Submitted By: Clara Lin
Between the months of September and April, the words “ED”, “Ivy League”, and “SAT score” fill high school hallways and weave their way into lunchtime conversations. College application season brings the excitement of possibility and a new life away from home, yet it is also arguably the most stressful part of high school. Why is it that students work so hard throughout high school to take the most challenging classes, the most rigorous extra-curricular activities, and sacrifice their happiness only to be rejected from top schools? The college application process is not a measure of one’s true potential for success, but a game involving wealth, connections, race, location, numbers, and—scariest of all—pure chance.
Although the American Dream emphasizes that humble beginnings combined with a strong work ethic will lead to success, the college application process proves the contrary. High school students from wealthy families invest thousands of dollars on standardized test preparation, testing registration, tutoring, and application fees. These students have a clear advantage over others who do not have the luxury of spending hundreds of dollars to take multiple SAT tests in order to achieve a perfect score. Coming from a school where most students are admitted into selective colleges, it is important to remember that it is the norm for my peers to sign up for multiple standardized test dates as well as spend hours with a tutor every week.
Since standardized testing does not measure creativity or problem-solving skills, I believe that anyone should be able to achieve a high score; it is only a matter of time and money one is able to spend. Once standardized tests are taken, essays are written, and recommendation letters are sent, one’s acceptance is dependent on uncontrollable factors such as race, gender, family income, and legacy. At the most competitive schools where the majority of applicants have the same perfect score and GPA, the fate of prospective students relies on chance. Almost all of these students have the potential to succeed at these schools, yet they are denied due to the sheer number of competitive applicants. Therefore, one student may feel elated after getting accepted into his or her top school, yet another with the same credentials may question his or her own capabilities after being rejected. In addition, factors such as athletics, legacy, and being a minority sway decisions. An applicant with one of these factors may succeed over another with a stronger academic record. Therefore, it is dangerous for students to base their happiness on college admission results due to how little control they have over them.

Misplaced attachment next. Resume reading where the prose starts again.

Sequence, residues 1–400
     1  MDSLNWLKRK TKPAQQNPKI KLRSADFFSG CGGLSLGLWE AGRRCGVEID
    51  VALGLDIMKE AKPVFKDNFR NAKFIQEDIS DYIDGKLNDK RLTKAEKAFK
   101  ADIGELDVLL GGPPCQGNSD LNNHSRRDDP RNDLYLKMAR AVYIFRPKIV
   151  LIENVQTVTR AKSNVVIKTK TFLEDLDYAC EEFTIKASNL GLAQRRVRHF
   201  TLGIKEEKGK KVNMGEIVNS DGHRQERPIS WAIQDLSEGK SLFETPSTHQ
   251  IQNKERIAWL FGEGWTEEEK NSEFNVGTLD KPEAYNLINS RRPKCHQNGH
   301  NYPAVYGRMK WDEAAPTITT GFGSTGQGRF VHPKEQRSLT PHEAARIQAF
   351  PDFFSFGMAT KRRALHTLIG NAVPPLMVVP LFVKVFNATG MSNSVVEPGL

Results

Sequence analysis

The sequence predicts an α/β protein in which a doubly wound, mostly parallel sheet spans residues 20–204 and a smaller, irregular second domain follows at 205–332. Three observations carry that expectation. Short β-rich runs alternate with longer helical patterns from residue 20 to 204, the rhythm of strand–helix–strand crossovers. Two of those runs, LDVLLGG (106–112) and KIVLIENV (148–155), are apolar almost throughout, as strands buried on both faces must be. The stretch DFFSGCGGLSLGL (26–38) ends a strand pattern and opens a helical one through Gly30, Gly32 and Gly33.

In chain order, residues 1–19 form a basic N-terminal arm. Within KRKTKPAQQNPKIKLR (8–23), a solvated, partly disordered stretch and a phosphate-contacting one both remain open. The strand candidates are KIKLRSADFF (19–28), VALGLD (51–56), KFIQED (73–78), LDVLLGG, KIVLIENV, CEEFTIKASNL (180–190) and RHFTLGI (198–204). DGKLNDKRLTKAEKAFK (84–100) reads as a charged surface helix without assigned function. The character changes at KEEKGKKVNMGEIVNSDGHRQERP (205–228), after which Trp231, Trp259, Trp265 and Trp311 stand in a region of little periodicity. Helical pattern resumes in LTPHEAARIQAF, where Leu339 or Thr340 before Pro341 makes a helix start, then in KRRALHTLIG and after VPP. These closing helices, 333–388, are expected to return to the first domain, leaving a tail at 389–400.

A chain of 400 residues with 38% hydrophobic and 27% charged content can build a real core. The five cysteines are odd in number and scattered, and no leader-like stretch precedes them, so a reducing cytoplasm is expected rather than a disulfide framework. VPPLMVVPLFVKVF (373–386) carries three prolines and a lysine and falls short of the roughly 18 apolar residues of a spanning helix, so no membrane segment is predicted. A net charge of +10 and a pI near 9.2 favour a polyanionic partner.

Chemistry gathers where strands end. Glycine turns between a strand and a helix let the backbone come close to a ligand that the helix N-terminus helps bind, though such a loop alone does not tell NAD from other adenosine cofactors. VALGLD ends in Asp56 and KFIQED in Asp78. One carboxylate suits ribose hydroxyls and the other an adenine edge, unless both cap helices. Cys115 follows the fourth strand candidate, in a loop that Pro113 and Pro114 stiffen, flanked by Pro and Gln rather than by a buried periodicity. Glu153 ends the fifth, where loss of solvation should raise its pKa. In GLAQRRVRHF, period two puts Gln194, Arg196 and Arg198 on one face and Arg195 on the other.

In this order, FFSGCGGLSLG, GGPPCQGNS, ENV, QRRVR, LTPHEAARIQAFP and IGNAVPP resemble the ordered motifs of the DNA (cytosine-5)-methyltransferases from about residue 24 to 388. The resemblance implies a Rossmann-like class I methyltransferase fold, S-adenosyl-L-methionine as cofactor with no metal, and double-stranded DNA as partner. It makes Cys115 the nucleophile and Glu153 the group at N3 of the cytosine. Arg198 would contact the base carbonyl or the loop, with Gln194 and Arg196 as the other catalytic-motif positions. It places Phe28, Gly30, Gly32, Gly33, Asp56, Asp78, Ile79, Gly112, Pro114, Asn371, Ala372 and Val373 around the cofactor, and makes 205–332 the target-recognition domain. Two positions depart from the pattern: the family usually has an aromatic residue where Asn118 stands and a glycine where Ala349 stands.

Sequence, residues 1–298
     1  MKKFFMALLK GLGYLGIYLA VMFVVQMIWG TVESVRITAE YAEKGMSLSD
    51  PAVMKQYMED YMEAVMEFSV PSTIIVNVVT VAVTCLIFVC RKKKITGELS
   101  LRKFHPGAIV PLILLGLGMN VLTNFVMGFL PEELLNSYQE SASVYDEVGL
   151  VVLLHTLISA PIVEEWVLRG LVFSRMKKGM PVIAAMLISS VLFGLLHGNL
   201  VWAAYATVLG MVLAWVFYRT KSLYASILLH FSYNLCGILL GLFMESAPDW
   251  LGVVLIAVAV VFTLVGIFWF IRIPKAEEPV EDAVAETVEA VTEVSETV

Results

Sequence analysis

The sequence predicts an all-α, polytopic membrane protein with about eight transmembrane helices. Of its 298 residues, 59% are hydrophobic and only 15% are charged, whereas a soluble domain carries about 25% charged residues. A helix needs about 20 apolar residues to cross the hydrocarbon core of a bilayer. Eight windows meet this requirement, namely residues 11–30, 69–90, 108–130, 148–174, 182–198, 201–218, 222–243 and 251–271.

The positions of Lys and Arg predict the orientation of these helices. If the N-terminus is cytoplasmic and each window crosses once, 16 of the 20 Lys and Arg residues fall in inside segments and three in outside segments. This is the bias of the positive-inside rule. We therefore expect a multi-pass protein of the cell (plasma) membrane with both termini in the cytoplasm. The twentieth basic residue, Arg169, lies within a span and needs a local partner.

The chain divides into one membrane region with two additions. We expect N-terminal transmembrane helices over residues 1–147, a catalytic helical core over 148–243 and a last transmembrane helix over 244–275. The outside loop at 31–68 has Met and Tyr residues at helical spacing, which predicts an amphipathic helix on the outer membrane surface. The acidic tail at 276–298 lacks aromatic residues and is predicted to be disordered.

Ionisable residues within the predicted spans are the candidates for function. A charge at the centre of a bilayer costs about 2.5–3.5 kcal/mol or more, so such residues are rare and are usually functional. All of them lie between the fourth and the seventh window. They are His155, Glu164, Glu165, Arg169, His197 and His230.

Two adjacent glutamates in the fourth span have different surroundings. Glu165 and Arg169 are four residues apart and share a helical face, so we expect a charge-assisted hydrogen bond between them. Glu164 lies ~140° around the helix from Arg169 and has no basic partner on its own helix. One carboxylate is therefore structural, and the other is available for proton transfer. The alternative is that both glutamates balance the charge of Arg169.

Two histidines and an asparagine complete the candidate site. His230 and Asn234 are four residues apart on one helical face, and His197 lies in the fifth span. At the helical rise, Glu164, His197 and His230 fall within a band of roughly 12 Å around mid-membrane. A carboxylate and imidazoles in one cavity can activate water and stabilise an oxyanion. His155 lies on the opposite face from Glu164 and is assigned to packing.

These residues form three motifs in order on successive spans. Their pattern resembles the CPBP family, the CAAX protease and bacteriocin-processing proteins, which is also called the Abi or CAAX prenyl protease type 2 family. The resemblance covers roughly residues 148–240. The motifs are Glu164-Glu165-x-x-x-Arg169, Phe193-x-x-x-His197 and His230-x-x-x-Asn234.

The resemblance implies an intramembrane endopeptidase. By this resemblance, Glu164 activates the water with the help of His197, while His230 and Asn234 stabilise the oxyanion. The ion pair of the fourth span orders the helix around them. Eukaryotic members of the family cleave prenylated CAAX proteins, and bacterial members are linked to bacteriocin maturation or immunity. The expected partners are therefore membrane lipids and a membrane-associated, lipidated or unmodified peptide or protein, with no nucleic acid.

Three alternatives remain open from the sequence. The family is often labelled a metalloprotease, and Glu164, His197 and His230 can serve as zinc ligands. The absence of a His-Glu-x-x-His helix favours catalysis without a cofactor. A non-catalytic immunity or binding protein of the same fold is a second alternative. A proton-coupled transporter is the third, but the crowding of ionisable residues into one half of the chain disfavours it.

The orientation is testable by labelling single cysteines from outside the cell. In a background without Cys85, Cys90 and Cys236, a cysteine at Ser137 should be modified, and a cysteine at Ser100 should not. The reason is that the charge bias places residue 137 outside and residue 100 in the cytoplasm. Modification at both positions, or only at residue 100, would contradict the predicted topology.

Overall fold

Colleges are aware of these issues, and their efforts to appease them–scholarships, fee waivers, a holistic view of the applicant—are admirable, but more needs to be done. A large part of the pressure associated with college stems from the community. Coming from a competitive school that is only a bike ride away from one of the nation’s top Ivy League colleges, I can confirm that the looming pressure to succeed is undeniable. It’s hard to remain calm while watching all my friends get admitted into Ivy League schools. As student waiting to hear back from colleges, this makes me wonder if I should have taken more AP classes, played more sports, joined more clubs, or if I am simply just not smart enough. I am not alone in this anxiety, as many students resort to cheating and choosing classes or extra-curricular activities in order to appeal to colleges. This culture emphasizes a key issue of our community—college should not be a competition. While the school one attends does affect his or her future, the emphasis should not be on the ranking, but on what is best for one’s personal growth. The college application process should be focused on what type of experience a student wants for four years rather than rankings and prestige. In an ideal world, a student choosing community college and a student attending an Ivy League school are celebrated equally for making the decision best for themselves. Ultimately, one’s success during his or her lifetime depends on his or her work ethic, ingenuity, and passion, not admission into an Ivy League.
As letters from colleges start filling students’ mailboxes, it is important to remember that college is not the end, but the beginning. It is not the consummation of one’s work in high school that hopefully results in admission to a top-ranked college; it is the start of four years of finding one’s passions, independence, and self-identity.